Oct 2016

7th Oct 2016

8th Oct 2016

9th Oct 2016

10th Oct 2016

11th Oct 2016

12th Oct 2016

13th Oct 2016

14th Oct 2016

15th Oct 2016

16th Oct 2016

17th Oct 2016

18th Oct 2016

19th Oct 2016

20th Oct 2016

21st Oct 2016

22nd Oct 2016

23rd Oct 2016

MLF Chapter & VerseMLF Chapter & Verse

The Manchester Literature Festival Blog

Review: Graphic Novelists Nick Hayes and Stephen Collins

Young Digital Reporter Amy Turner reviews our Graphic Novelists: Nick Hayes and Stephen Collins event…

On the 7th October, the two cartoonists Nick Hayes and Stephen Collins brought their colourful personalities as well as their colourful work to the Anthony Burgess Foundation as part of the 2014 Manchester Literature Festival. The night saw the pair present very insightful PowerPoint slides, despite some rather elementary technology skills, to discuss what it is these people actually do.

A stranger to graphic fiction, this event caught my attention for exactly that reason. Curiosity simply got the better of me. Naturally, I wasn’t sure what to expect. A friend of mine commented, ‘So graphic fiction, that’s the sexy writing right?’. Had I mistakenly signed up to review some kind of saucy and erotic fiction? Surely not. However, when I did arrive and meet the rather handsome and very talented Nick and Stephen, I was somewhat disappointed that it wasn’t.

After a brief introduction from David Gaffney, the talk swiftly moved its focus upon Stephen to discuss his book, The Gigantic Beard That Was Evil (above). Stephen’s first graphic novel, it tells the story of a bloke who one day inexplicably wakes up with an uncontrollable beard. He created the novel using Photoshop with an interactive pen, which he explains makes his work easier and more efficient. His upcoming novel that he is still working on, depicts the story of a child growing up in a waxwork museum by the sea, inspired by a trip of his own to Madame Tussauds a few years back. If you aren’t familiar with him already, Stephen has a weekly slot in The Guardian, which includes lots of silly things and the occasional talking animal. His small collection, Some Comics, which includes these cartoon features, he describes as ‘not too fluffy, but also trying not to be too cynical either’.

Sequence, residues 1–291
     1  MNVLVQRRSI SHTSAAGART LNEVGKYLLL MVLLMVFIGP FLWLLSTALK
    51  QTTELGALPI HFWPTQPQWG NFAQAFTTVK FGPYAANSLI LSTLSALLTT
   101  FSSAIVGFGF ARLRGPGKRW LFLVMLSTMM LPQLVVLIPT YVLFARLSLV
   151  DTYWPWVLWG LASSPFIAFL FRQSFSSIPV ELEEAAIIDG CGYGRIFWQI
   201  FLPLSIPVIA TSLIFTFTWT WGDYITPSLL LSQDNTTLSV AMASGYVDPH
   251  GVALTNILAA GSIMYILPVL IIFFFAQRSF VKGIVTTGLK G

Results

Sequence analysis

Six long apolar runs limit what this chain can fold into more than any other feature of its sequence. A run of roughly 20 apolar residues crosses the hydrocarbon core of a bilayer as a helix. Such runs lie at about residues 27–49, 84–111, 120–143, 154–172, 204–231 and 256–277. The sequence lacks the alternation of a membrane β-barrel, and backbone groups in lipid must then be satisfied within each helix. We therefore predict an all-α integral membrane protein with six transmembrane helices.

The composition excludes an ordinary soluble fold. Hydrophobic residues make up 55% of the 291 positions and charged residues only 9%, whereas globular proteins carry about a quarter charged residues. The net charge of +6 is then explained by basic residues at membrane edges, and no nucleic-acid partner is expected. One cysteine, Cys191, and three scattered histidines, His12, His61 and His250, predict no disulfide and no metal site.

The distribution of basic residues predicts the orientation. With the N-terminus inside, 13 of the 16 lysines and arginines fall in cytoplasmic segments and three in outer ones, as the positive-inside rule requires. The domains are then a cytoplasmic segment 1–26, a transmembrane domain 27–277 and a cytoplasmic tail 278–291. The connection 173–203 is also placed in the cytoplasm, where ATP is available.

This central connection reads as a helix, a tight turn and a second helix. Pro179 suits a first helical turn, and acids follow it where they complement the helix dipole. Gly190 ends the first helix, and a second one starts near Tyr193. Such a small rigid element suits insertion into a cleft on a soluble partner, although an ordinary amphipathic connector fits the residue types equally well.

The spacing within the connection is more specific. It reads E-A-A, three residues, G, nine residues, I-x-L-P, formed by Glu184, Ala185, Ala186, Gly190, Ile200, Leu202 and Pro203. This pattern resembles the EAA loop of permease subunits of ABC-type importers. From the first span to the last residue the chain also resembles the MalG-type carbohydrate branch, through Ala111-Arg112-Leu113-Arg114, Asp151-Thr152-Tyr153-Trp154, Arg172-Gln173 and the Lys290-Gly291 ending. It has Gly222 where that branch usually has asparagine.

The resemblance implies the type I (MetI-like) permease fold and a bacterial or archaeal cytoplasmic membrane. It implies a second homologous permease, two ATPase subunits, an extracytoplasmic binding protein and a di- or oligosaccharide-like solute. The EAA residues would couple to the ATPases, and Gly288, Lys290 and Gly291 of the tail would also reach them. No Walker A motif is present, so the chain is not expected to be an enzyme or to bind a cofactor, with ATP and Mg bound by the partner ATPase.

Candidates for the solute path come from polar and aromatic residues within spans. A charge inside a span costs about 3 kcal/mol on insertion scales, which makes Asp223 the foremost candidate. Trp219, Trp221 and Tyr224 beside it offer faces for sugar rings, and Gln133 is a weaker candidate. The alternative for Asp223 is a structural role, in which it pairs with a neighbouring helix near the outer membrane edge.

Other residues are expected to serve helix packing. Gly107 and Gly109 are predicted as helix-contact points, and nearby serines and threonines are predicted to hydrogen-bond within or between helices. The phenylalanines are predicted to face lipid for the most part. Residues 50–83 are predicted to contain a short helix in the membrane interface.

Next up is author and illustrator, Nick Hayes. His first book, The Rime of the Modern Mariner, was modern graphic novel meets classic canonical poem, inspired by Samuel Coleridge’s 1896 tale. His second and most recent book, Woody Guthrie and The Dust Bowl Ballads, is inspired by his love of folk music, describing it himself as ‘eco-dogma’: a tale about a small town guy, who finds solace in song in the midst the 1930’s Great Depression, ‘after taking a load of amphetamine and sleeping with a large number of women who aren’t his wife’.

The evening came to its conclusion with a question and answer session, in which both Stephen and Nick took the opportunity to offer advice for those who may be interested in a career working as a cartoonist and/or illustrator. They suggested how in some ways it is easier for graphic novelists to get noticed by a publisher than other kinds of writers; images can speak a thousand words. However, as it often requires working investment banking hours without the investment banking pay cheque, they stress the importance of having a passion for this very meticulous art.

It is evident that the two cartoonists are very excited about their new and upcoming projects. Like much of the audience, I cannot wait to read more of their work!